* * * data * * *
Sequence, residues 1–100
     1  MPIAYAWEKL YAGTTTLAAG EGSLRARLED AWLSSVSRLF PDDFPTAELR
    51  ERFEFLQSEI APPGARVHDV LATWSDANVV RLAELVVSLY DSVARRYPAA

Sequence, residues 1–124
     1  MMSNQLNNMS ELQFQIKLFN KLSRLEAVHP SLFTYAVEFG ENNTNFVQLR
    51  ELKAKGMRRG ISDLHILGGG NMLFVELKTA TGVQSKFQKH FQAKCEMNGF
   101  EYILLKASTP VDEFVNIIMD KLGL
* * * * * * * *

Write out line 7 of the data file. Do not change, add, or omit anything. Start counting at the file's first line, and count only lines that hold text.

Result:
   101  EYILLKASTP VDEFVNIIMD KLGL